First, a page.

Editor's note: The following article was written by Gary Schnitkey with the Department of Agricultural and Consumer Economics at the University of Illinois.

A prevented planting calculator is available from farmdoc that compares net returns from prevented planting, planting corn, and planting soybeans. The calculator is part of our FAST decision series which are Microsoft Excel spreadsheets. The calculator is called the “Planting Decision Model” and can be downloaded from the FAST section of farmdoc or can be directly download from here .

The nearby graphic shows a screen shoot of the main section of the calculator. All input are in blue. The calculator has two main sections 1) net returns from prevented planting and 2) net returns on planting corn and soybean.

Net returns from prevented planting

The “net returns from planting” section requires input that details the insurance plan selected. This includes the name of the plan, coverage level, APH yield, projected price, and prevented planting factor. In the example, a 60% prevented planting factor is used. At signup time, a farmer could have chosen to buy-up prevented planting coverage to either 65% or 70%. Buy-up prevented planting coverage comes with higher premium.

1. Final planting date is the date at which prevented planting can be taken and the date at which insurance guarantees begin to decline. Final planting dates are county specific. Users entered their county in earlier input.

2. Prevented planting payment equals coverage level times APH yield times projected price times prevented planting factor.

3. Net returns equal prevented planting payment minus costs of taking prevented planting. Net returns from prevented planting can be compared to planting corn or planting soybeans.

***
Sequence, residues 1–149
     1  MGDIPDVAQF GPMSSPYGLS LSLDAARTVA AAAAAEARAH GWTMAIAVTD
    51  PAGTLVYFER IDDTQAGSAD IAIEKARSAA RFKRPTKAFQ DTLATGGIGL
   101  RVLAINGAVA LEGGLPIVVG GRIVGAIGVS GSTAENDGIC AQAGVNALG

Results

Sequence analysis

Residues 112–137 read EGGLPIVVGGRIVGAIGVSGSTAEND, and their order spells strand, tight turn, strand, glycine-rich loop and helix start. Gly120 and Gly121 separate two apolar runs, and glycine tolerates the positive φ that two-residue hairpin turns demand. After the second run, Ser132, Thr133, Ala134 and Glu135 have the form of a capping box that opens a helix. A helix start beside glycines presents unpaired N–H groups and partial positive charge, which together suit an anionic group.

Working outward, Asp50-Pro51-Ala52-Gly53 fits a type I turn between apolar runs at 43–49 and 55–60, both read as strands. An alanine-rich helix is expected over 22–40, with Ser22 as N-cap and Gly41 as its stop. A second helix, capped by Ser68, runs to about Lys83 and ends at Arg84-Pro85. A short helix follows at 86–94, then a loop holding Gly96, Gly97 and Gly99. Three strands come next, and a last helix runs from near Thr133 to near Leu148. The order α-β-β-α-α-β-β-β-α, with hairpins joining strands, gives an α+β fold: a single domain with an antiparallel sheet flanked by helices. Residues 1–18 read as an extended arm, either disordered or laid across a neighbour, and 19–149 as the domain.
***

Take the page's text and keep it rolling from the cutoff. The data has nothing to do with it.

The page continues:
Net returns from planting corn or soybeans

In this section, net returns from planting corn and planting soybeans are estimated. A user enters yields, prices, and incremental costs. Main features of this section include:

1. Insurance guarantee is calculated and will decrease once the final planting date has been reached. The insurance guarantee is reduced one percent for each day planting takes place after the final planting date. The guarantee reaches its low point of 60% of the initial guarantee after 25 days have passed from the final planting date. The “planting date” input determines the guarantee reduction.

2. Expected yield is estimated by the model to equal maximum yield times percent of max. The percent of max is estimated by input not shown in the graphic. Users can override the expected yield estimated by the calculator.

3. Crop insurance payments are estimated by the model based on the insurance policy selected, as well as expected yield and expected harvest price.

4. Revenue equals crop revenue plus crop insurance payment.

5. Incremental costs should be entered. These give costs that will be incurred if planting takes place. Note that costs has been incurred already should not be entered. An example is nitrogen fertilizer. If nitrogen fertilizer has been applied, its costs should not be included.

6. Expected net returns are useful for comparison. Planting corn is projected more profitable than prevented planting when expected net returns from planting corn exceed net returns from prevented planting, and vice versa.

Not shown in the graphic are sensitivity tables. The model includes two sensitivity tables, one for corn and one for planting soybeans. The sensitivity tables show net returns for different harvest prices and actual yields.

Source: The FarmDocDaily blog by the University of Illinois